Since the original production was intended for television and was shot mainly with Panasonic Varicam HD video cameras it makes more sense that it would be interlaced natively. Although the Varicams can do a film-like 24p or 25p, that would require an extra telecine conversion step for interlaced broadcast video use. A Blu-ray at 60i has more information than one at 24p and a Blu-ray cannot output 60p anyway so there is no real need for concern. 24p Blue-ray output is mainly of value for film based content but requires an HD display that can natively refresh at 24 fps or a multiple thereof (not very common except on more recent higher end sets).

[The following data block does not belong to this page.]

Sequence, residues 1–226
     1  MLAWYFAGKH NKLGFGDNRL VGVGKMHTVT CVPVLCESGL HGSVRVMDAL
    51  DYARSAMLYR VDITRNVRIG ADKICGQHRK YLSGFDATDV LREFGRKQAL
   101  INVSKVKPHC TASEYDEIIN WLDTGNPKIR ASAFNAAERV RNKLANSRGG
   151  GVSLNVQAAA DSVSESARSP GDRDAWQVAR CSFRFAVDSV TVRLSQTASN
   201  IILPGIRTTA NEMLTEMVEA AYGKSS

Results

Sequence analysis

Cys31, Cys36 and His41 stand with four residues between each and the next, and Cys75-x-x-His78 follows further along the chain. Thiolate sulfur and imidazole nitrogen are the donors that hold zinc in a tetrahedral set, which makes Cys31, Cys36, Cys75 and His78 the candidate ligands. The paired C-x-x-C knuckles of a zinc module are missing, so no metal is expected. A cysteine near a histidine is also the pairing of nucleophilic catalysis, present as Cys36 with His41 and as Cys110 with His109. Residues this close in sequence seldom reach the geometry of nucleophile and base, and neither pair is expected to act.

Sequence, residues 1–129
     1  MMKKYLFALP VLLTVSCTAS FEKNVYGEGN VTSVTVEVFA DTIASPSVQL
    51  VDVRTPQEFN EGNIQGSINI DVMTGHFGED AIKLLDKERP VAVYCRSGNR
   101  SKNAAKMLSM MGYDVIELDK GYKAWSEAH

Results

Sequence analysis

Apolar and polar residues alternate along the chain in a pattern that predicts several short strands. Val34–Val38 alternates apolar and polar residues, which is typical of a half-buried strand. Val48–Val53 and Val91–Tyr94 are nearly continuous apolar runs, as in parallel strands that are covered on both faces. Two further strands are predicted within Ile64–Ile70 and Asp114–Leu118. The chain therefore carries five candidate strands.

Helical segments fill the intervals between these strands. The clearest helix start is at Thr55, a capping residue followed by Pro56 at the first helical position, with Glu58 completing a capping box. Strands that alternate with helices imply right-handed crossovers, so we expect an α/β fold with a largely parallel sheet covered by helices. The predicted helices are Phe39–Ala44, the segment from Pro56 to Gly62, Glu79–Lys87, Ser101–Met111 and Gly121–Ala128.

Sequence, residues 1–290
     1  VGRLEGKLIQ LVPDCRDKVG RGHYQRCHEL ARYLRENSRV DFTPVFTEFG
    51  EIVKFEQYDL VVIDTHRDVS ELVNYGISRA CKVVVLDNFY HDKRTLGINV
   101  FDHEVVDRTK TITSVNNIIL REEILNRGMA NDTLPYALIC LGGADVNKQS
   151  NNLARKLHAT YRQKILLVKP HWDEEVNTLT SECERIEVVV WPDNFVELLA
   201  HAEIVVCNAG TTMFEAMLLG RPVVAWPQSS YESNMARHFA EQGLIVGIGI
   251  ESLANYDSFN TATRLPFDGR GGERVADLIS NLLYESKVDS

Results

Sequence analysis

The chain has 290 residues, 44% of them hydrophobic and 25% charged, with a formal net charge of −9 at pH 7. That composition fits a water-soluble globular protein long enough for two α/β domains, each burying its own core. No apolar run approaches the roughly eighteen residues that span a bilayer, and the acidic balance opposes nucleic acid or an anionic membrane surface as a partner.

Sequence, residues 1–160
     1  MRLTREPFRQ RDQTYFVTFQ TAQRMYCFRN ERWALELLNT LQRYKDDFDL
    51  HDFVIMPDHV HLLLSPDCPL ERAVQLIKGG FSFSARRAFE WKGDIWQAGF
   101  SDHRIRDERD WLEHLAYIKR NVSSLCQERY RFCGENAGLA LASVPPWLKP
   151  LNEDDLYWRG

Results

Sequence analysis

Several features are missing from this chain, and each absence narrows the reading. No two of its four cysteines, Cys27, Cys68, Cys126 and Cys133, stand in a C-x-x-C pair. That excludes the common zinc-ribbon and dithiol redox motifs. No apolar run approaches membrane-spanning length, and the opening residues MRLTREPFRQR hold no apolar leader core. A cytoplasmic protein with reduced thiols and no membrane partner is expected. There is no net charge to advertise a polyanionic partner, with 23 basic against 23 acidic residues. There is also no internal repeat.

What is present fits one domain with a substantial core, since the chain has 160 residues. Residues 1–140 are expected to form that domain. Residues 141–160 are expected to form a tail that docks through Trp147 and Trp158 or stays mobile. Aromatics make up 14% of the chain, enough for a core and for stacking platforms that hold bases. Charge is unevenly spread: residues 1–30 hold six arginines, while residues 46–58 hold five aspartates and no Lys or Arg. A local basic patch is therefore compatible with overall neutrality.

Yes, I should have started by saying Frozen Planet Blu-ray is 1080/60i, not 1080/24p. The rest was just pointing out that unless the original source is film there is no great value in having the Blu-ray output 1080/24p. And even if a particular project is film sourced and a Blu-ray is mastered at 1080/24p very, very, very few viewers will have an HD television that can natively display 1080/24p. Almost all are natively 1080/60p. Since no Blu-ray disc can can be mastered at 1080/60p (only 1080/60i and 1080/24p) the player is going to have to convert to a resolution the TV can accept such as 1080/60i or 1080/60p. The point being if it is going to have to be converted to 1080/60p for the TV there is no advantage for the conversion to be made from 1080/24p rather than 1080/60i. So, unless one has a videophile level TV that can display the 24 frames per second natively, there should not be any great concern that any Blu-ray is interlaced or progressive. And to complicate matters, the BBC productions are a special case in that when video based the video is usually shot to the UK standard of 1080/50i. So there is always going to be some conversion whichever way it is converted for the US market.